I have a love-hate relationship with Zero to One by Peter Thiel and Blake Masters. When I launched my book, The 7 Day Startup, it got as high as #2 in the Startups category on Amazon. I couldn’t get passed the book at #1, Zero to One.
Not that I’m suggesting I deserved to be in such elite company, but still. Fuck that Peter guy. Who is he anyway?
That’s the hate part out of the way.
Peter Thiel is a billionaire entrepreneur, investor and big thinker. He was the founder and CEO of PayPal among other billion dollar companies, and one of the first investors in Facebook. He’s the kind of guy who probably doesn’t sit around writing books. In fact this book was pulled together by Blake Masters from Peter’s lecture notes. The book feels a bit choppy as a result, but the concepts are original and BIG, so the result stands alone well.
I read this book a few months after it was released. I’d heard most of the people I look up to, already tell me how amazing it was. So I had big expectations.
I didn’t agree with everything in the book. But I came to my senses and realized that I have no place disagreeing with a guy who has created multiple, billion dollar businesses. I went to sleep one night after reading some of it just trying to fathom how much a billion dollars really is. I can’t. It’s too big for my little brain.
The central question Thiel asks when creating a business is this:
“What is one thing you believe to be true that most do not?”
Holy shit I only have to choose ONE THING!
Thiel is a contrarian. He puts the contrarian view forward as not only a way to differentiate your thoughts and content, but a way to build a business without competition.
It sounds like a simple question, but Thiel argues it’s the basis for many multi-billion dollar companies. Of course if everyone else happens to be right, then it’s the basis for failure. A fate Thiel refreshingly refers to as ‘a tragedy’.
The central theme of the book is, how do you use what you know to create a monopoly, rather than a commodity business that battles directly with endless competition. He presents a compelling case of why having your own monopoly is a good idea for you, citing mainly popular examples like Facebook, Google, PayPal etc. His case for a monopoly being a great idea for society in general is a little thin. But good on him for sticking with the story!
One of my main criticisms about the book is while it’s great to have something that exists as a resource for this high level of thinking, it’s not all that useful. As someone who can’t even get my head around how much a billion dollars is, the book left me scratching my little insignificant head wondering how I would apply any of it. I have a WordPress support business, we’re hardly mining asteroids.
In a way he even admits this flaw himself:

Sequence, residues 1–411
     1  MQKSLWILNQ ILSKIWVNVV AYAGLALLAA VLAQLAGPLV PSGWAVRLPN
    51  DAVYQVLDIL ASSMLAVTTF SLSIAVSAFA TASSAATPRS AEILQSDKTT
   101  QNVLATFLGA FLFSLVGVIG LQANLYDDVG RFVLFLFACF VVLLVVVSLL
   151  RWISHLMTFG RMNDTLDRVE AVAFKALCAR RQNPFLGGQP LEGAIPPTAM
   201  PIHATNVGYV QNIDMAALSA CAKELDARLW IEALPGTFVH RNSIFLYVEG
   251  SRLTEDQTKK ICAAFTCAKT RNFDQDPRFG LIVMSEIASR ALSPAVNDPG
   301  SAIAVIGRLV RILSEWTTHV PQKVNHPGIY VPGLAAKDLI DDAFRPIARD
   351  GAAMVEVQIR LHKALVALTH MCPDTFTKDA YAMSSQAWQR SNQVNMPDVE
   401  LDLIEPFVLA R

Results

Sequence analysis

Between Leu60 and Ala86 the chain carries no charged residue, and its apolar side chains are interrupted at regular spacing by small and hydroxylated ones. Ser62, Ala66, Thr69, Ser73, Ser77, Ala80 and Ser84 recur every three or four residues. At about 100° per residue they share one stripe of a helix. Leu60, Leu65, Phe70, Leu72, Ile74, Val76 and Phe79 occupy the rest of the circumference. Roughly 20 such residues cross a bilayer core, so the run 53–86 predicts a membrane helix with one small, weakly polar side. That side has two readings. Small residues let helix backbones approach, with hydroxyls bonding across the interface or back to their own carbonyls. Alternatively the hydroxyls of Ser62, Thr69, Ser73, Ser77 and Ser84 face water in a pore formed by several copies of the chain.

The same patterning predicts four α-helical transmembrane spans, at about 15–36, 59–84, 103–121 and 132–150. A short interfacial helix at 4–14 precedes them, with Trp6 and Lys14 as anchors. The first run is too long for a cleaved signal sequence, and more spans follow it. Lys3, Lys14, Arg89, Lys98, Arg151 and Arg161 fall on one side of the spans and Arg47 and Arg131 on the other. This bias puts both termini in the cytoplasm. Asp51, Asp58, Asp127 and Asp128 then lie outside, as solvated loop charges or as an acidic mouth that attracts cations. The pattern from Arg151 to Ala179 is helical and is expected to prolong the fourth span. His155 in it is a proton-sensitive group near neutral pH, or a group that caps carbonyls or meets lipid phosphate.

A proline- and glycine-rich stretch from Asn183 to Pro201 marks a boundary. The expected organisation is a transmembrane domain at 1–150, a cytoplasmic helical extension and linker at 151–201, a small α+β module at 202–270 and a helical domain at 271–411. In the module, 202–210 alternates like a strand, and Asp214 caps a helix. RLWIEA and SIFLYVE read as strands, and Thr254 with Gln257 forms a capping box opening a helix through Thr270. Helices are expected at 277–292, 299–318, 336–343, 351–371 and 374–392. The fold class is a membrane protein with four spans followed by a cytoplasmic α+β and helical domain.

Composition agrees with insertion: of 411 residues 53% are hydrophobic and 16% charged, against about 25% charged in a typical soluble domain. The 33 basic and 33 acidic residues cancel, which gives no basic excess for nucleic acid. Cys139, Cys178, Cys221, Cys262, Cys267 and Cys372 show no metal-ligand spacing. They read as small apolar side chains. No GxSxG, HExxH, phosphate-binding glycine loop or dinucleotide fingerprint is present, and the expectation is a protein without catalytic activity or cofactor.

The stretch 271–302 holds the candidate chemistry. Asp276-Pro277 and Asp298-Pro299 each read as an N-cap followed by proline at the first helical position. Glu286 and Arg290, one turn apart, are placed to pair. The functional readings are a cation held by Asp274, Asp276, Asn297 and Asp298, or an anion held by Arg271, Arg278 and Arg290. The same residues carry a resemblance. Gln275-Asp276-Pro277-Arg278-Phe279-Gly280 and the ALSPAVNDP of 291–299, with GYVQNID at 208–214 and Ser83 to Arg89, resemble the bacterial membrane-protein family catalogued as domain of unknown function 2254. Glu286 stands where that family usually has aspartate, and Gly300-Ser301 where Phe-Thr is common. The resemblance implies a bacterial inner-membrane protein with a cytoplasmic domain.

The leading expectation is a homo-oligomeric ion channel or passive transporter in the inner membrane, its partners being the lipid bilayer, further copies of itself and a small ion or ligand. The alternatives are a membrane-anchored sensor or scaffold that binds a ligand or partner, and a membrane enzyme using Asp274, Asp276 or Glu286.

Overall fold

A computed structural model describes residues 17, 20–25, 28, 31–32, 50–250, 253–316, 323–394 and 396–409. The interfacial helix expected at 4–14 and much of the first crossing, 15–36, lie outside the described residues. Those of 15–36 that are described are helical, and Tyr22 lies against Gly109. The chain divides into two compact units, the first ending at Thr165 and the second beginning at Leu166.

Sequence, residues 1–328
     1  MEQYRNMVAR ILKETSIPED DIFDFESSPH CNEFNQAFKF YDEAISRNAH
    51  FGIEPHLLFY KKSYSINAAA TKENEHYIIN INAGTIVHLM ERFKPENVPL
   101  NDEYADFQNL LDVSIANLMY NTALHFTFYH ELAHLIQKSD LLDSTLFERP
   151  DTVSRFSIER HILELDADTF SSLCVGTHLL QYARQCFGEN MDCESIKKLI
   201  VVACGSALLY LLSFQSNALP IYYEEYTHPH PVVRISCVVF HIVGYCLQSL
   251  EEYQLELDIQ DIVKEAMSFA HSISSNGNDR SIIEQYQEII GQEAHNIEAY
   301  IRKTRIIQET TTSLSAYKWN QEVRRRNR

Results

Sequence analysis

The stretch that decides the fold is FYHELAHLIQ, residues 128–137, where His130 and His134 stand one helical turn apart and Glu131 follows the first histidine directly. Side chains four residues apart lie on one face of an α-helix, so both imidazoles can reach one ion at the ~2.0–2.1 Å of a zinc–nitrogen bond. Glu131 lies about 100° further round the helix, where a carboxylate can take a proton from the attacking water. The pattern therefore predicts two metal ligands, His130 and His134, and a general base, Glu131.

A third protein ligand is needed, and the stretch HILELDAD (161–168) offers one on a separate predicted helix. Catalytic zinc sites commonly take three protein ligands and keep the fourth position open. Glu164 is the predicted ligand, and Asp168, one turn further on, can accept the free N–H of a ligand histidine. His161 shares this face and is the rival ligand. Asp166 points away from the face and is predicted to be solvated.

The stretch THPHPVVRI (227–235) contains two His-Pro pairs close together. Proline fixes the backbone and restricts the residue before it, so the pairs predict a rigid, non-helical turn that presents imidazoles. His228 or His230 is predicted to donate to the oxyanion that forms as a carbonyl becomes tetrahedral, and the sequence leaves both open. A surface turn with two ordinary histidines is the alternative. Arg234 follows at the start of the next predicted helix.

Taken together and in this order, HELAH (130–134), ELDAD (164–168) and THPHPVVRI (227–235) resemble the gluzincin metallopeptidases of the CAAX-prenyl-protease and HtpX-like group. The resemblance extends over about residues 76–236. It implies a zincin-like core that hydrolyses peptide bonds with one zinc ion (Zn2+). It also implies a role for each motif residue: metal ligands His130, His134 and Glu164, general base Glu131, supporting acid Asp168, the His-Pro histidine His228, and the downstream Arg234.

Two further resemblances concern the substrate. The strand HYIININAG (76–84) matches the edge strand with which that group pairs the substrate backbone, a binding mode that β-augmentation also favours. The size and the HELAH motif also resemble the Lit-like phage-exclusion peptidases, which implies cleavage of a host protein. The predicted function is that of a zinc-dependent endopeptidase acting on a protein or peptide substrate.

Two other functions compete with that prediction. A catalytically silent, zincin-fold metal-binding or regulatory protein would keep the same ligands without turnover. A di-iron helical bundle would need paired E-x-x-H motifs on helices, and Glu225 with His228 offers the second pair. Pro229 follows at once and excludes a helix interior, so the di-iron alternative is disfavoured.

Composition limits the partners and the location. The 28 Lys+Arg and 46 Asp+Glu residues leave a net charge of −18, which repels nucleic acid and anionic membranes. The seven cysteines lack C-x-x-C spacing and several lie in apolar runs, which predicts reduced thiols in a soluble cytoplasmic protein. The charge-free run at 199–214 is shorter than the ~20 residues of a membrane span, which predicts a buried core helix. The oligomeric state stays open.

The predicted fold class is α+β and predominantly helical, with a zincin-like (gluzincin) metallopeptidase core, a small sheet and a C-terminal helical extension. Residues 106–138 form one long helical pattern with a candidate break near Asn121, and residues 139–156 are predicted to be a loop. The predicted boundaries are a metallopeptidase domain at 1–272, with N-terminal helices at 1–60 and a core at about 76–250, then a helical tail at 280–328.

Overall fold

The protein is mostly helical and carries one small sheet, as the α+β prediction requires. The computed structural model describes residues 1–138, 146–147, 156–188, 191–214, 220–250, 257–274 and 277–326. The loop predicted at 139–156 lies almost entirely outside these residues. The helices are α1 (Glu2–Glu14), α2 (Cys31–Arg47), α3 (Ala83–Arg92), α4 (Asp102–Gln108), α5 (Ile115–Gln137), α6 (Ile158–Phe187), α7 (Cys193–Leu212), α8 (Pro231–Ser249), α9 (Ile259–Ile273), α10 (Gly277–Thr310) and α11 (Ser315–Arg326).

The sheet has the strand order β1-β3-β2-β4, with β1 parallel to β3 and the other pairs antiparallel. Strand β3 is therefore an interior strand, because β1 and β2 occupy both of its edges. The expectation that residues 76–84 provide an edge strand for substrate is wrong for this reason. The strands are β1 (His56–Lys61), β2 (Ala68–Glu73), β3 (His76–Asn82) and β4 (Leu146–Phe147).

“The paradox of teaching entrepreneurship is that such a formula necessarily cannot exist; because every innovation is new and unique, no authority can prescribe in concrete terms how to be innovative”.
Sounds like a cop out to me Peter! There is merit in trying at least. I’ve always felt there’s more value in prescribing a potential course of action than there is in analyzing past events. This is particularly true for examples that have been over analyzed to death already (Zuckerberg, Jobs, Gates etc). There’s no risk in that. You can’t be wrong.
What about the next wave of world-changing entrepreneurs. How do we create the next Elon Musk or Peter Thiel? I’m sure they have read this book. What do they do, that they aren’t already doing?
In terms of practical frameworks the book is pretty thin, and in a way unoriginal. Examples that I picked up:
- ‘Niche down’. The idea of finding a small niche to start with is a concept well and truly covered in entrepreneurship content over the years.
- ‘Planning is important’. Planning might be against the grain currently, but it’s not exactly an innovative concept.
- ‘Don’t build a commodity business’. Thiel’s focus on creating monopolies is a new spin, but we know not to create commodity businesses already.
- ‘Create a strong brand’. I agree, but again it’s a well accepted and never been given more importance in business than it is right now.
- ‘Differentiate’. Business 101.
I’d also argue some of the larger points in the book could be damaging to a lot of people reading the book. Consider:
“The perfect target market for a startup is a small group of particular people concentrated together and served by few or no competitors.”
That’s a pretty ballsy call! How many people do you know that have created a successful business where no previous market existed? I can’t think of any.
Perhaps that’s the point.
You can grab the book from Amazon here. I’d love to know your thoughts in the comments below.